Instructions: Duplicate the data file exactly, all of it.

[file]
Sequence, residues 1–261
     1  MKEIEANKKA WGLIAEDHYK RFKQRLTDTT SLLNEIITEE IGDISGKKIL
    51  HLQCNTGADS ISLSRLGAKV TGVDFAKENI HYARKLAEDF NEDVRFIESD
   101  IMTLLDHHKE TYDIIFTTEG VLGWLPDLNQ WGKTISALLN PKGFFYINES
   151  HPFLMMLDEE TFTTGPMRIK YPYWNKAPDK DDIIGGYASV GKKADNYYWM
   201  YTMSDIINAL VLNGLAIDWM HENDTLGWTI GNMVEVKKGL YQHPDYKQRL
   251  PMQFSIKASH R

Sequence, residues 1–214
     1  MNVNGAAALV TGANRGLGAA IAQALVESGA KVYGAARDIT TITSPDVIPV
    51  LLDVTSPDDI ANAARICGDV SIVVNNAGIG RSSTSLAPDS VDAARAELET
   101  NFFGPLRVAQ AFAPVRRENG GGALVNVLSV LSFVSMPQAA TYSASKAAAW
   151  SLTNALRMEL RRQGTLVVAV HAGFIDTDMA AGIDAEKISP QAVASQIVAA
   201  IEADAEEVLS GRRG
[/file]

Sequence, residues 1–261
     1  MKEIEANKKA WGLIAEDHYK RFKQRLTDTT SLLNEIITEE IGDISGKKIL
    51  HLQCNTGADS ISLSRLGAKV TGVDFAKENI HYARKLAEDF NEDVRFIESD
   101  IMTLLDHHKE TYDIIFTTEG VLGWLPDLNQ WGKTISALLN PKGFFYINES
   151  HPFLMMLDEE TFTTGPMRIK YPYWNKAPDK DDIIGGYASV GKKADNYYWM
   201  YTMSDIINAL VLNGLAIDWM HENDTLGWTI GNMVEVKKGL YQHPDYKQRL
   251  PMQFSIKASH R

Sequence, residues 1–214
     1  MNVNGAAALV TGANRGLGAA IAQALVESGA KVYGAARDIT TITSPDVIPV
    51  LLDVTSPDDI ANAARICGDV SIVVNNAGIG RSSTSLAPDS VDAARAELET
   101  NFFGPLRVAQ AFAPVRRENG GGALVNVLSV LSFVSMPQAA TYSASKAAAW
   151  SLTNALRMEL RRQGTLVVAV HAGFIDTDMA AGIDAEKISP QAVASQIVAA
   201  IEADAEEVLS GRRG